10 December 2016

The Train Ride from Hell (or when German Trains Don't Work)

It's interesting to realize that sometimes, you hold some countries to a higher standard, because you expect something high from them, and when they don't deliver, then you get mad. Yet, when you have no high standard, and they don't deliver, you just shrug it off. I realized this when we were taking a train ride from Poland, traveling from Poznan to Berlin, one weekend.

See, we did a short weekend trip recently. When we went to Poznan, we simply took a direct train from Berlin Hauptbahnhof, and 2 hours and 45 minutes later, we were in Poznan. It was very simply. Yet the return trip wasn't that simple.

First of all, our EuroCity train didn't go all the way to Berlin. It terminated at Frankfurt an der Oder because of repair works being done on the tracks. There was either a replacement bus, or a transfer to another train from Frankfurt an der Oder. We took the train, since according to the schedule, even though that would mean more changes, we would still arrive faster than if we were to take the bus.

The train was a Regional Express, which was supposed to run from Frankfurt an der Oder to Erkner. Again, because of the repair works being done on the rail tracks, it should have gone all the way to Berlin, but instead was just going to Erkner, and from there, we should have taken the S-Bahn. So the Regional Express went, stopped in a couple of stations, and then something happened.

One station before Erkner, we were told that due to an incident, the train was not going to go to Erkner, but was stopping at the station before, at Fangschleuse. We were told that there would be a replacement bus. We waited, but half an hour later, there was no bus still. Later on, we were told that we had to take the train (another came in the meantime) and go to the other direction, until F├╝rstenwalde. From there we were told that a replacement bus would take us to Erkner.

So we went. And when we arrived in F├╝rstenwalde, we waited there for about half an hour again, before the cramped bus showed up. We fortunately got two seats, and then we went to Erkner. From there, we caught the S-Bahn, which was only running every 20 minutes due to track repairs (yet again!), but after sitting in the S-Bahn for an hour (and with one change in Ostkreuz), we reached home.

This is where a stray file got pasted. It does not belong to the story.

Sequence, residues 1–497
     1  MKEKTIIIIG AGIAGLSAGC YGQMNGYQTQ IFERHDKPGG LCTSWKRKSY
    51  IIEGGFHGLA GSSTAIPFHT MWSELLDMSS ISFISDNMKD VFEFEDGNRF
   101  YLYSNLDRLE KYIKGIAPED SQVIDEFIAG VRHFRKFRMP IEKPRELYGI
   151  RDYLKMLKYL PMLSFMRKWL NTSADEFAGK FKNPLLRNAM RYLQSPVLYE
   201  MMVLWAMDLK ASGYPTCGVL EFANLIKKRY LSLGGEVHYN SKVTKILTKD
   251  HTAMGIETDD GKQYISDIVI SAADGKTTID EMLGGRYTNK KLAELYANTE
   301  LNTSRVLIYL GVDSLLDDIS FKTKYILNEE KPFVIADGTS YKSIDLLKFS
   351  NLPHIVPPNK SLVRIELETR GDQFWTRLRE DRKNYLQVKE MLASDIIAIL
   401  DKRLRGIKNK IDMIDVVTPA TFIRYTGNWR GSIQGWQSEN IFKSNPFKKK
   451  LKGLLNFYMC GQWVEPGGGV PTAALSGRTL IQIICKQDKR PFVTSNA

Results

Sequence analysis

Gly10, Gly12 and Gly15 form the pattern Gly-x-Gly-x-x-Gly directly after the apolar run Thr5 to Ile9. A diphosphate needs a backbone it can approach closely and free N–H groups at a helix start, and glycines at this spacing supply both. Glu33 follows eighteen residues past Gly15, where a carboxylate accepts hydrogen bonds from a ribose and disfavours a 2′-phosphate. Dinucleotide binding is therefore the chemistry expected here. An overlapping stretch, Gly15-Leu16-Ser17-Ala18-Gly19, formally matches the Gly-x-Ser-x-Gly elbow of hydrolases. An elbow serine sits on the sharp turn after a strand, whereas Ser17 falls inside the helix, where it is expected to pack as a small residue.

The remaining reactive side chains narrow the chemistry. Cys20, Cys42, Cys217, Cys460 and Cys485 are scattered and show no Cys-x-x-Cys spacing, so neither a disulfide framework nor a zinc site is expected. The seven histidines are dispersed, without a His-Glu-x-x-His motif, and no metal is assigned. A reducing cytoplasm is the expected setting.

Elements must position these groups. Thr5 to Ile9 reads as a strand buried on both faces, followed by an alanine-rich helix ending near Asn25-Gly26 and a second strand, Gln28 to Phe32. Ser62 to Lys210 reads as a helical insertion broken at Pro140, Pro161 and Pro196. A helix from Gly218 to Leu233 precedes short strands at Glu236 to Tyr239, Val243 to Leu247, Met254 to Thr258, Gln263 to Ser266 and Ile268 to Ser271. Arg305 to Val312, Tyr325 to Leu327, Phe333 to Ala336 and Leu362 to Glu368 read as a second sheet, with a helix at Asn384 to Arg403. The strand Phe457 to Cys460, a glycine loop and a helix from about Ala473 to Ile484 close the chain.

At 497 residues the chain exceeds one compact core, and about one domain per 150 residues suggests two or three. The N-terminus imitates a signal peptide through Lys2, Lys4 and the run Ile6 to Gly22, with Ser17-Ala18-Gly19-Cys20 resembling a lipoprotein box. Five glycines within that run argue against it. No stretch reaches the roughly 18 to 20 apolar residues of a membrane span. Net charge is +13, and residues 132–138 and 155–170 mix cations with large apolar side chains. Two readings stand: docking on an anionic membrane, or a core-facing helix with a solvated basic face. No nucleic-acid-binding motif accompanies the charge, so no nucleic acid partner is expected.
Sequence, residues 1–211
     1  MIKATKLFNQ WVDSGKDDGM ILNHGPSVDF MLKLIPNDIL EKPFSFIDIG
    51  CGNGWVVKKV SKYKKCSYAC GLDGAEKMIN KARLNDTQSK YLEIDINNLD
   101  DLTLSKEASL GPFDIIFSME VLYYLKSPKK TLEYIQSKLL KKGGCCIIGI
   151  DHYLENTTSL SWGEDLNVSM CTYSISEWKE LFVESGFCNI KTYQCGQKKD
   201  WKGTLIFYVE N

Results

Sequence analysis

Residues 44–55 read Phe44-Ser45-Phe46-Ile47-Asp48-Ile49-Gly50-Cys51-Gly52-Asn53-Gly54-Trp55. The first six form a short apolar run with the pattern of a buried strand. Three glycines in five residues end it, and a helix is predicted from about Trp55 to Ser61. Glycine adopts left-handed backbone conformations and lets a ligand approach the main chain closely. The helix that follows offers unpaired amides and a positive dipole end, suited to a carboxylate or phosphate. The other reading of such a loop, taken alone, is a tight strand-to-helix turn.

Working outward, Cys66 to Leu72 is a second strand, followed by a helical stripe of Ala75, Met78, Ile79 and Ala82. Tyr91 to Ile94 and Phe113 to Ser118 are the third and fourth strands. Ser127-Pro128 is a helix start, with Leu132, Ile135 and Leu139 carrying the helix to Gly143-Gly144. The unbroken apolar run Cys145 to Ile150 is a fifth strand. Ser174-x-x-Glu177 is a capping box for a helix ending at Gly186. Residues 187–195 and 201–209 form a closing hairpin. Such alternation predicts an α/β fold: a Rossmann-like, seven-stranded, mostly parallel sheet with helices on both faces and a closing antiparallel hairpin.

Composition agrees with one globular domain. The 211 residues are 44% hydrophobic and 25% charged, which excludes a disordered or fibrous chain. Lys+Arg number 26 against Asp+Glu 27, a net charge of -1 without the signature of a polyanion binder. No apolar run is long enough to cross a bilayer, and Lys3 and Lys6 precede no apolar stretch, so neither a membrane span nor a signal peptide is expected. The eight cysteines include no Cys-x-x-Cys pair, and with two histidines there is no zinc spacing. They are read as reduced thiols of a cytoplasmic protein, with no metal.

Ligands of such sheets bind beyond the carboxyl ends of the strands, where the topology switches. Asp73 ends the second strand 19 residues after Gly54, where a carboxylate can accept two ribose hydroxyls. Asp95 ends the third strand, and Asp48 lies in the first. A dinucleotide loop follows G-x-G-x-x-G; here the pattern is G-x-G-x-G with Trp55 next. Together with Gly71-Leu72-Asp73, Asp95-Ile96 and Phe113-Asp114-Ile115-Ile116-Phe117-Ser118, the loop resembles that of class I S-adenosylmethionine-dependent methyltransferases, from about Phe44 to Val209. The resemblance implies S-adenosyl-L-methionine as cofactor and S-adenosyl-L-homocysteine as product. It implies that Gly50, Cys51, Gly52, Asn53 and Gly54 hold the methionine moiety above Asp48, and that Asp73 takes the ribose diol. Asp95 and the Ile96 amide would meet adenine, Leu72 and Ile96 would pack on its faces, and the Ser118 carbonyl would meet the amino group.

This reminded me of my bad experience with Belgian Railways back in 2013, when our trip from Luxembourg to Ghent turned from a scheduled 3.5 hour trip to the whole day.

The thing to note, however, is that while these things frustrate people, including me, it is mostly because we have an expectation that modern first-world country infrastructure would work. When I was riding a train operated by Myanmar Railways back in 2014 from Yangon to Mawlamyine, it was 9 hours of torture, but truth be told, I wasn't expecting much, so I didn't mind it.

Anyway, we found ourselves a little quick to note that next time we go to Poland we should rent a car. But later, we realized that statistically that doesn't make sense. After all, we had plenty of other train trips that went well, and it is also important to note that when we had a satisfactory experience, we typically don't note it, but when we have a negative experience, we find that more remarkable.

Oh well, we probably just were in the wrong train in the wrong time. Hopefully the next time we go to Poland it would be better than this.


  1. This is so common in France... TGV are often late and local trains are often cancelled. Infuriating when it happens, but when I see the bus system in Ottawa, I think French have it easy!

    1. Zhu,

      I know what you mean. As much as it is irritating when this happens here in Europe, when I think of how Amtrak is in the USA, then I still think we have better trains here!